From Publishers Weekly
Civil War buffs will especially appreciate Langton's 17th Homer Kelly mystery (after 2002's The Escher Twist), in which the Harvard professor/sleuth and his wife, Mary, plunge into research in an effort to exonerate Seth Morgan, Mary's great-great-grandfather, a Harvard man suspected of desertion at Gettysburg. In 1863, in the battle's aftermath, Seth's pregnant wife, Ida, an independent and hardy New Englander, desperately seeks her missing husband as far as Baltimore and Washington. Meanwhile, Seth's comrade-in-arms Otis Pike, "the witty darling of his class at Harvard," provides some comic relief with his tendency to skedaddle and his scandalous involvement with actress Lily LeBeau. Homer realizes that the key to the mystery of Mary's ancestor's seemingly shameful action lies in ascertaining the particulars of Seth's relationship to Otis. The suspense builds as the author adroitly shifts between past and present. Period photos, an 1860 playbill for the Hasty Pudding show, quotations from Walt Whitman and loads of Harvard lore add historical weight. Fans of this generally lighthearted series, though, should be prepared for some graphic description of the horrors of war.
Copyright 2003 Reed Business Information, Inc.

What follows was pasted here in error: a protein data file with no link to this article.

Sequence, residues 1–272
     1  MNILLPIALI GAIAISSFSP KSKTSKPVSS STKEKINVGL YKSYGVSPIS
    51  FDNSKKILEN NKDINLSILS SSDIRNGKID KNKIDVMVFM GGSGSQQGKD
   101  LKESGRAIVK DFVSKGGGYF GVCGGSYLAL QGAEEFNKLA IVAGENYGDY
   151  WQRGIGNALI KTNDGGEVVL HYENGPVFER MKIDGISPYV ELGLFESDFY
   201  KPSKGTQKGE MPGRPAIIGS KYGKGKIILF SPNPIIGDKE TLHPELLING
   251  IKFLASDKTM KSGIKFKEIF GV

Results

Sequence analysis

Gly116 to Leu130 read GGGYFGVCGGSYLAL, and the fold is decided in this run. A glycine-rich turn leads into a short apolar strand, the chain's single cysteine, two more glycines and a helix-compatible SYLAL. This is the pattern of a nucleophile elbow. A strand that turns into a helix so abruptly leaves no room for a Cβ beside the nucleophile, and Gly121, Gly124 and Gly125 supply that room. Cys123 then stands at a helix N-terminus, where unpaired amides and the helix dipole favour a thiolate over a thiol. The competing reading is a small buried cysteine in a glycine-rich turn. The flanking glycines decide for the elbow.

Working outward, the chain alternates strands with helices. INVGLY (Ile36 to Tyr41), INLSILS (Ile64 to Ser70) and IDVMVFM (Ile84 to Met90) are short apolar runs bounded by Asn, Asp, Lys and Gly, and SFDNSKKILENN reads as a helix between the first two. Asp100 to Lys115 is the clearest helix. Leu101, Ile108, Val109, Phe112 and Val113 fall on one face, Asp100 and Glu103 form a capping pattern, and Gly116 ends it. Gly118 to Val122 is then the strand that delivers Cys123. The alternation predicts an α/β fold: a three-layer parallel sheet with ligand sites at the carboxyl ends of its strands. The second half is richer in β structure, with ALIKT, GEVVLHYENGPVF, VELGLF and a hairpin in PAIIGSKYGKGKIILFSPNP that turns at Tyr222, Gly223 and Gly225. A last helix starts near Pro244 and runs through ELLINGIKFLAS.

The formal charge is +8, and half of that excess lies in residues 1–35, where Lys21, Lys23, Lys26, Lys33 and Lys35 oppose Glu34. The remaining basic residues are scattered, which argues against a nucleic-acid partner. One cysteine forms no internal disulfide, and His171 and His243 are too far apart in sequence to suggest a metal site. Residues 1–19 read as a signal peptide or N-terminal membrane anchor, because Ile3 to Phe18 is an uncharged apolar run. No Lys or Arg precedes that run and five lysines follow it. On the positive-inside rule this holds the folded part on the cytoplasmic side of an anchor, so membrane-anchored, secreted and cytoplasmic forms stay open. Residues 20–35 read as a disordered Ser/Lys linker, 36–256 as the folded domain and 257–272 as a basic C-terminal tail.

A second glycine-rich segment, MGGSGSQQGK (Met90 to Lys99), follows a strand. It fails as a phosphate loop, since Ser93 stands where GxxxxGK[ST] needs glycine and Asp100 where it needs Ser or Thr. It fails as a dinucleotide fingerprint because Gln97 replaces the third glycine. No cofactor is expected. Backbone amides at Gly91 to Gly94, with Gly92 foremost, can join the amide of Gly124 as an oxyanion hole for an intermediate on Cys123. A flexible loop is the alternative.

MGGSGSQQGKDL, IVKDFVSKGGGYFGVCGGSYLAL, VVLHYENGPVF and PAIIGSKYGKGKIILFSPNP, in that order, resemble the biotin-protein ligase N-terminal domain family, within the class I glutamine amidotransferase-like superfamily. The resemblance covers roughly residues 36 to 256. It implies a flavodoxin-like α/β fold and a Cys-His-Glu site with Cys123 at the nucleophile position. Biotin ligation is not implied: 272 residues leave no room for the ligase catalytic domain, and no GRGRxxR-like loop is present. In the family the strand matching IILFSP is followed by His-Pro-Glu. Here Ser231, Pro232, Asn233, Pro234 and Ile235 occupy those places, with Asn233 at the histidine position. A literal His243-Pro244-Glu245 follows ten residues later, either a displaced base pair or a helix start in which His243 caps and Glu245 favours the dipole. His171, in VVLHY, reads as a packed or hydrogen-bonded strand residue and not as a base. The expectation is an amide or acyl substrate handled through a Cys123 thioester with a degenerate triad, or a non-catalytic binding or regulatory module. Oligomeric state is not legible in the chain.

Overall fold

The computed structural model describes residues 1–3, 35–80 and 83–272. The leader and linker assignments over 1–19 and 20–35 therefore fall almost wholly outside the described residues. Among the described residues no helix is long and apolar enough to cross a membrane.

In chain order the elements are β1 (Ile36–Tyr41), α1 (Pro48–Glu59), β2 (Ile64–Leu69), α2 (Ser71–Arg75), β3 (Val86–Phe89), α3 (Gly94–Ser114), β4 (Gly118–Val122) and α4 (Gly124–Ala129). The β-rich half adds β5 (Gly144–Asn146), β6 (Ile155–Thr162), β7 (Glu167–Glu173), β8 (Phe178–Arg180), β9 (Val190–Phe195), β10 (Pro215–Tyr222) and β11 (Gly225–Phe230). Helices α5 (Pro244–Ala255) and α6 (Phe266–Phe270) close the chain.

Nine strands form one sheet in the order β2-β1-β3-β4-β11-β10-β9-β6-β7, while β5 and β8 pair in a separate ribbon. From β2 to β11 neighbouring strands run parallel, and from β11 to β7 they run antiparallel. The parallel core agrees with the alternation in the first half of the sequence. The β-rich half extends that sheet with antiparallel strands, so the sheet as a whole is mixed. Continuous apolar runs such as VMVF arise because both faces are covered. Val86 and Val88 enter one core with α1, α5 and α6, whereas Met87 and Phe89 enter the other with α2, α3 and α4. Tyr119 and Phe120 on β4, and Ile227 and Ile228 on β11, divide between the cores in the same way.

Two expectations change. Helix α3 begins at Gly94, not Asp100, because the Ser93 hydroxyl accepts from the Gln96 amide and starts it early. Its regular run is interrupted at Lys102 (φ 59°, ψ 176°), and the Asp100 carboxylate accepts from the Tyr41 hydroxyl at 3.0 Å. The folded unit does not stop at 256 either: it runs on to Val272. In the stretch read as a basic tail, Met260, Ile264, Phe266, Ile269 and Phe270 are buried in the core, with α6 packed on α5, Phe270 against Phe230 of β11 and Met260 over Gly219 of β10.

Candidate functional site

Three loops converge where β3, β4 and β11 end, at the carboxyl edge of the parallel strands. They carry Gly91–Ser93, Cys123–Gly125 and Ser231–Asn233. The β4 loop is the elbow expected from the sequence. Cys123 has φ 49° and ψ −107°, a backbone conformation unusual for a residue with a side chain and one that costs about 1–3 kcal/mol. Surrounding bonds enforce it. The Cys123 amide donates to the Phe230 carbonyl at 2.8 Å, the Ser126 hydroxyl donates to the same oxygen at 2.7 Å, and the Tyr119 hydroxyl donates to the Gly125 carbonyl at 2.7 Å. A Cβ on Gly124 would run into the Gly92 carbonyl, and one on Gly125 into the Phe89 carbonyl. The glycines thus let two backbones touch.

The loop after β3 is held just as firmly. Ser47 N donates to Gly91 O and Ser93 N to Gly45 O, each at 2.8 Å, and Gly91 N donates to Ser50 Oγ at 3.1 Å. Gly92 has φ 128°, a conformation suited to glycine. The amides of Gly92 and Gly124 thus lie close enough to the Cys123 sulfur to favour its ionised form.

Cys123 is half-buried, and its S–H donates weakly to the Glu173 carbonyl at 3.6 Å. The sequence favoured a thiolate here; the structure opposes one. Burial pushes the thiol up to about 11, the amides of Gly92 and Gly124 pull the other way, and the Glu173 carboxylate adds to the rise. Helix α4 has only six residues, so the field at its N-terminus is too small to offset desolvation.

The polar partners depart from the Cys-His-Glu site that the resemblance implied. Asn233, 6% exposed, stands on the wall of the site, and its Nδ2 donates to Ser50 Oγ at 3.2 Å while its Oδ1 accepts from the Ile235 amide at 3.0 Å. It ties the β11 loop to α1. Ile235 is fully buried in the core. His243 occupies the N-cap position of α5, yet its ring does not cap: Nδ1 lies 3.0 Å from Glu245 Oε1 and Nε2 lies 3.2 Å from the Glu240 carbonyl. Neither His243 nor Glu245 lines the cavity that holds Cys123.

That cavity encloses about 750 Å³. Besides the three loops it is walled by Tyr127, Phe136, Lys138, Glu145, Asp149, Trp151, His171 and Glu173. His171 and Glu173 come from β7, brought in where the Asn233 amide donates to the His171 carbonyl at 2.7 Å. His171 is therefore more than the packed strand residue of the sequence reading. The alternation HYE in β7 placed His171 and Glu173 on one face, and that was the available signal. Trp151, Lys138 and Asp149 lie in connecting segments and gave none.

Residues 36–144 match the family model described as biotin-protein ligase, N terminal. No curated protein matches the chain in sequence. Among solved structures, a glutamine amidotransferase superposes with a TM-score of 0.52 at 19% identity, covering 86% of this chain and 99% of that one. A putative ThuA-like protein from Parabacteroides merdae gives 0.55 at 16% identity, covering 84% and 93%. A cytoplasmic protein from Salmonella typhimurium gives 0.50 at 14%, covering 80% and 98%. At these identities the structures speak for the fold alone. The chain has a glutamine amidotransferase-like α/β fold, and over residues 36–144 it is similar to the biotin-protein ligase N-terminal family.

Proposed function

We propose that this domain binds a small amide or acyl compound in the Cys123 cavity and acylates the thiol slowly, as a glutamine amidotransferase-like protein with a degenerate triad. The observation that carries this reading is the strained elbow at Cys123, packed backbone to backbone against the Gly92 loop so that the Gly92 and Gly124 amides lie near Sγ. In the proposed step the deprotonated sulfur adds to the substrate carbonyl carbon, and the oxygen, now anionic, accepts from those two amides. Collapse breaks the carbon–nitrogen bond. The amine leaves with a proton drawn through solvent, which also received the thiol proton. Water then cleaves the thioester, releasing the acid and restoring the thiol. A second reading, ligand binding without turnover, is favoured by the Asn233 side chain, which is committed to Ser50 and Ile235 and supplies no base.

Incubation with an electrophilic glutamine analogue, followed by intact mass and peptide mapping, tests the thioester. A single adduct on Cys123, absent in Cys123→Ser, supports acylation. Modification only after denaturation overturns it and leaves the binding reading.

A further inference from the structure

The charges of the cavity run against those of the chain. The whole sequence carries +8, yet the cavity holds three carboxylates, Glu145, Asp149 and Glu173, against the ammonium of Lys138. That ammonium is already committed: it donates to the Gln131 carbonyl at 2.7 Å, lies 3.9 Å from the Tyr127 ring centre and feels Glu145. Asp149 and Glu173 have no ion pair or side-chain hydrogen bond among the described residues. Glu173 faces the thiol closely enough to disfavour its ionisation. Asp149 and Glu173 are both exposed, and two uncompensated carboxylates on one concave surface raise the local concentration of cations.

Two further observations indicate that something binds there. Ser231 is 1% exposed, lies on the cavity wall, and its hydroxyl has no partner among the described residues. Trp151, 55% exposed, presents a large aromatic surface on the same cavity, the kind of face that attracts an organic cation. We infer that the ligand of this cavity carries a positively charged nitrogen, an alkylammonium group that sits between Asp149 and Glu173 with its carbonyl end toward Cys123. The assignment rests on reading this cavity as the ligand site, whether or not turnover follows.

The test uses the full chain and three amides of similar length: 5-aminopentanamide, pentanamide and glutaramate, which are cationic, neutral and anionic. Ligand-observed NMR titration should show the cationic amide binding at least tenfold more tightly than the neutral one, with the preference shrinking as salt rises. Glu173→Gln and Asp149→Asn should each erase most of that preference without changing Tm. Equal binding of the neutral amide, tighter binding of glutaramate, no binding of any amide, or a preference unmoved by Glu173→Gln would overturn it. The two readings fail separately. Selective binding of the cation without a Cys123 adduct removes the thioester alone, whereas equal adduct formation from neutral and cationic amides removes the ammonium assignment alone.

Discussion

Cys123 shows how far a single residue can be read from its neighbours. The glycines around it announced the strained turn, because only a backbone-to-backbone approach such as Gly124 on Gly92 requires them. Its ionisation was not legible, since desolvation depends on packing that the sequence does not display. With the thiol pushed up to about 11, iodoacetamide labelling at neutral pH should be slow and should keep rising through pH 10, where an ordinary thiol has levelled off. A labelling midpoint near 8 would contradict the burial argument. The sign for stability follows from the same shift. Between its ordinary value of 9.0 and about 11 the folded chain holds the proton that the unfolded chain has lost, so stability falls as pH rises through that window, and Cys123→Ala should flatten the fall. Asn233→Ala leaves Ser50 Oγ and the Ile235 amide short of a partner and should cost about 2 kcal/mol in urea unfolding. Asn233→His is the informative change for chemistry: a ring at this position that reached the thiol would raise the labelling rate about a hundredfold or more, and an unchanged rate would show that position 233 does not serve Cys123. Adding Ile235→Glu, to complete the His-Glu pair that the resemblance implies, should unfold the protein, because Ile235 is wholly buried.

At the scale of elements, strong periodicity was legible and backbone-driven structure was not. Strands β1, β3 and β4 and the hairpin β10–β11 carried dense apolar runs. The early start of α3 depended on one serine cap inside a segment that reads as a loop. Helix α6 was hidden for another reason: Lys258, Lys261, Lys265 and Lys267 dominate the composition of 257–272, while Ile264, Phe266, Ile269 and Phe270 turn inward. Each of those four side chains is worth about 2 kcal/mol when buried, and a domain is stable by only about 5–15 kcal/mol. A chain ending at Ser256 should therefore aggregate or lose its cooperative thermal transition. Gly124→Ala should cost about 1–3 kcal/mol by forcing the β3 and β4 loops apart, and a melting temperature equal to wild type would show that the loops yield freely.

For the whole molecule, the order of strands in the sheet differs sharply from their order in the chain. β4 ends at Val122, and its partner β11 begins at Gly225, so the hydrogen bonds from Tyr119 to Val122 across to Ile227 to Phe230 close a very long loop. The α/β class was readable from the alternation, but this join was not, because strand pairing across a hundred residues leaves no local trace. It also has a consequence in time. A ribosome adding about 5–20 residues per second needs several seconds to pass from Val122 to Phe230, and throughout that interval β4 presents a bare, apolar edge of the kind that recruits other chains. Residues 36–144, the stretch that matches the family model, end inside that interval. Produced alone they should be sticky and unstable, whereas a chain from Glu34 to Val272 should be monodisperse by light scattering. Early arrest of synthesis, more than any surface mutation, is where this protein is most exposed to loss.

How do you keep a mystery series going after 16 novels? Keep finding clever things to do with it. In this seventeenth Homer Kelly mystery, the Harvard professor and his wife, Mary, discover an odd branch in Mary's family tree. Some chapters of the novel are set in the present, as Homer and Mary try to figure out what happened between her great-great grandfather and another man; others are set during the Civil War, as we see the events unfold. The book is illustrated, scrapbook fashion, with vintage photographs of some of the characters (who are based on real people); there are also letters, posters, playbills, and other interesting add-ons. The author combines mystery with history so cleverly that we feel like we have visited Mary's great-great grandfather on the eve of the Battle of Gettysburg. As always, Homer uses his unique intellect and insatiable curiosity to keep us entertained as he solves another mystery from the past. This remarkable series shows no signs of letting up. David PittCopyright © American Library Association. All rights reserved